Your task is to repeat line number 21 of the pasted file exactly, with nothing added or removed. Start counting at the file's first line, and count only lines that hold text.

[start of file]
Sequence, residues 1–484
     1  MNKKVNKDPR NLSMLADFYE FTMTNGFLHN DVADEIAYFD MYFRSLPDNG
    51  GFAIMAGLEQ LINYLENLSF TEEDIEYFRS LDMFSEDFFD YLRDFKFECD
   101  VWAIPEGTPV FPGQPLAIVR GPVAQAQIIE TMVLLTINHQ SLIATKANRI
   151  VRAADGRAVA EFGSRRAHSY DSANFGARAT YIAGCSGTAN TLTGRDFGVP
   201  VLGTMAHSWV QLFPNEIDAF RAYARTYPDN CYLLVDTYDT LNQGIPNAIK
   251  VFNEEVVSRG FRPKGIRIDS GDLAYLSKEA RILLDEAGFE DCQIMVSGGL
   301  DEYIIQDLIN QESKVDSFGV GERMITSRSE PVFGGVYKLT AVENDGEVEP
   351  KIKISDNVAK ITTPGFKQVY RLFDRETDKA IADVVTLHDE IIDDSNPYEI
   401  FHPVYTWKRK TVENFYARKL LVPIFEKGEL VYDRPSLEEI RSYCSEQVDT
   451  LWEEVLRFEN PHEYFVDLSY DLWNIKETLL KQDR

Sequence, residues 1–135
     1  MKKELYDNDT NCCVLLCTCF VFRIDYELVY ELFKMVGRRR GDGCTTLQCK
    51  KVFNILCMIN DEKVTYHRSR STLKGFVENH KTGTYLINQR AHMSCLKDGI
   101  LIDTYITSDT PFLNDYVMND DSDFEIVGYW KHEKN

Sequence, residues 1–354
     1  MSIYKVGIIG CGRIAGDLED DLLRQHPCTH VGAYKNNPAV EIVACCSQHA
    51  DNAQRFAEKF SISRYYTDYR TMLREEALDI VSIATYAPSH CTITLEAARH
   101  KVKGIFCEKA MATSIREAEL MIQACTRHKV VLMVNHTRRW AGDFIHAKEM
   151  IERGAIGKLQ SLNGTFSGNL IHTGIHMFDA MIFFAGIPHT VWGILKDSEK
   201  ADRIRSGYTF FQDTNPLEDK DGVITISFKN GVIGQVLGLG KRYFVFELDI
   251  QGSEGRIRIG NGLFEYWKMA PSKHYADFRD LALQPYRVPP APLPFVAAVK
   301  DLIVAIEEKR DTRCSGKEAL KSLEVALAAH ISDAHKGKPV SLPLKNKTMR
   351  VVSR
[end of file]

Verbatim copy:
   201  ADRIRSGYTF FQDTNPLEDK DGVITISFKN GVIGQVLGLG KRYFVFELDI